Guy describes himself as an amateur mathematician, though his work enjoys broad respect, beyond that of amateur status. In a career that spans eight decades he has written or co-authored over a dozen books and collaborated with some of the most important mathematicians of the 20th century. Paul Erdős, John H. Conway, Donald Knuth, and Martin Gardner are among his collaborators, as are Elwyn Berlekamp, John L. Selfridge, Kenneth Falconer, Frank Harary, Lee Sallows, Gerhard Ringel, Béla Bollobás, C. B. Lacampagne, Bruce Sagan, and Neil Sloane.
Guy is one of the key people in the field of recreational mathematics. In 1998 Martin Gardner wrote, "Conway later collaborated with fellow mathematicians Richard Guy and Elwyn Berlekamp on what I consider the greatest contribution to recreational mathematics in this century, a two-volume work called Winning Ways." In fact, Guy was briefly considered as a replacement for Gardner when the latter retired from the Mathematical Games column at Scientific American. Along with Bill Gosper, Guy has been one of the principal researchers in John H. Conway's Game of Life, and in 1970 discovered the glider, one of the key discoveries in that field. Around 1968, Guy discovered a unistable polyhedron having only 19 faces; no such construct with fewer faces was found until 2012. As of 2016 Guy was still active in conducting mathematical work. To mark his 100th birthday friends and colleagues organised a celebration of his life and a tribute song and video was released by Gathering 4 Gardner.
Chess problems
From 1947 to 1951 Guy was the endings editor for the British Chess Magazine. He is known for almost 200 endgame studies. Along with Hugh Blandford and John Roycroft, he is one of the inventors of the GBR code (Guy–Blandford–Roycroft code), a system of representing the position of chess pieces on a chessboard. Publications such as EG magazine use it to classify endgame types and to index endgame studies.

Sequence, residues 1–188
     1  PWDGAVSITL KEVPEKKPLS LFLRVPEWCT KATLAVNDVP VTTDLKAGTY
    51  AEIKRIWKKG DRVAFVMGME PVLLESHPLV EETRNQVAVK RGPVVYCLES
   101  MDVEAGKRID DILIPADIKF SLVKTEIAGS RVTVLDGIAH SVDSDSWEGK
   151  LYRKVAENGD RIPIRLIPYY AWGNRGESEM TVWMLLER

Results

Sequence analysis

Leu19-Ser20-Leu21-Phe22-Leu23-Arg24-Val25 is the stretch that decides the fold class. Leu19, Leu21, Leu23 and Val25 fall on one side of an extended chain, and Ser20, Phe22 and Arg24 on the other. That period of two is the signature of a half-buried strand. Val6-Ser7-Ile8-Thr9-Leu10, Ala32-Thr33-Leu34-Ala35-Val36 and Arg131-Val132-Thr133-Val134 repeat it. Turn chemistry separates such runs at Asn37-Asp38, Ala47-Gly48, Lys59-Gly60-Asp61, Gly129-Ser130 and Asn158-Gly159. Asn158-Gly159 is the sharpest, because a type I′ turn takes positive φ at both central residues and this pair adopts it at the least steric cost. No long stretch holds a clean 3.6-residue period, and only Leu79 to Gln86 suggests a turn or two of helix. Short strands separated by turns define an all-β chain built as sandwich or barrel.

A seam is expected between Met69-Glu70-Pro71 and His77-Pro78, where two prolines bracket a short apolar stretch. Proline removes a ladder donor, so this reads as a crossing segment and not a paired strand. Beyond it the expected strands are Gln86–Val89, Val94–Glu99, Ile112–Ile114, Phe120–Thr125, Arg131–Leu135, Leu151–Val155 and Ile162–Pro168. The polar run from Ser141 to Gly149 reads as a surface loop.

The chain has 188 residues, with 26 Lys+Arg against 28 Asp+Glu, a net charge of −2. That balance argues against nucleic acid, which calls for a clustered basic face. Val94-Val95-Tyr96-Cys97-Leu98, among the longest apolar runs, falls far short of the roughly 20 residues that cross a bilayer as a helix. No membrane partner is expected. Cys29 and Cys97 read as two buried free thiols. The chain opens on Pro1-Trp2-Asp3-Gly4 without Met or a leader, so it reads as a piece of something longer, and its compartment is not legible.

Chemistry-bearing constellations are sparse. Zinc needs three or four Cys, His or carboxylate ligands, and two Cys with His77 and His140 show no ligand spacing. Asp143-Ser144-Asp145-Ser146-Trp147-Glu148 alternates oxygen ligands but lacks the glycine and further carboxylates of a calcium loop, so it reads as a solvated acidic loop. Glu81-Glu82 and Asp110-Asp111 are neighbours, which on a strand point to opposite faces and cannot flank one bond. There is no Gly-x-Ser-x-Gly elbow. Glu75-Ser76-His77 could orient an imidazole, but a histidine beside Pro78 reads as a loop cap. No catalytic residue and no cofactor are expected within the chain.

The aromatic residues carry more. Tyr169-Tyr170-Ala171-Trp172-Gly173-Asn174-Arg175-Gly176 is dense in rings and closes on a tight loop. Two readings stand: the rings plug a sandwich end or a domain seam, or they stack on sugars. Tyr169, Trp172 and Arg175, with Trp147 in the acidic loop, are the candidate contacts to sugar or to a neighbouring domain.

Richard Guy endgame composition: 1938
1. Kd1 Ka3
2. Kc1 a5
3. h4 a4
4. h5 Ka2
5. h6 a3
6. h7 Ka1
7. h8=N a2
8. Ng6 fxg6
9. f7 g5
10. f8=N g4
11. Ne6 dxe6
12. d7 e5
13. d8=N e4
14. Nc6 bxc6
15. b7 c5
16. Kd1 Kb2
17. b8=Q+ 1-0
Selected publications
1975 (with John L. Selfridge) Optimal coverings of the square, North-Holland, Amsterdam, OCLC Number: 897757276.
1976 Packing with solutions of ax+by= cz The unity of combinatorics, OCLC Number: 883501309
1982 Sets of integers whose subsets have distinct sums, North-Holland, OCLC Number: 897757256.
1982 (with John H. Conway and Elwyn Berlekamp) Winning Ways for your Mathematical Plays, Academic Press, ISBN 0120911507.
1987 Six phases for the eight-lambdas and eight-deltas configurations, North-Holland, OCLC Number: 897693235.
1989 Fair game how to play impartial combinatorial games, COMAP in Arlington, MA, ISBN 0912843160.
1991 Graphs and the strong law of small numbers, Wiley, OCLC Number: 897682607.
1994 (with Hallard T. Croft and Kenneth Falconer) Unsolved problems in geometry, Springer-Verlag, ISBN 0387975063.
1996 (with John H. Conway) The book of numbers, Copernicus, ISBN 9780387979939.
2002 (with Paul Vaderlind and Loren C. Larson) The inquisitive problem solver, Mathematical Association of America, ISBN 0883858061.
Guy, R. K.; Smith, Cedric A. B. (1956). "The G-values of various games". Math. Proc. Camb. Philos. Soc. 52 (3): 514–526. doi:10.1017/S0305004100031509.
Guy, R. K. (1958). "Two theorems on partitions". Math. Gazette. 42 (340): 84–86. doi:10.2307/3609388. JSTOR 3609388.
Guy, R. K.; Harary, Frank (1967). "On the Mobius ladders". Can. Math. Bull. 10 (4): 493–496. doi:10.4153/CMB-1967-046-4.
Bremner, Andrew; Goggins, Joseph R.; Guy, Michael J. T.; Guy, R. K. (2000). "On rational Morley triangles". Acta Arith. 93 (2): 177–187. doi:10.4064/aa-93-2-177-187.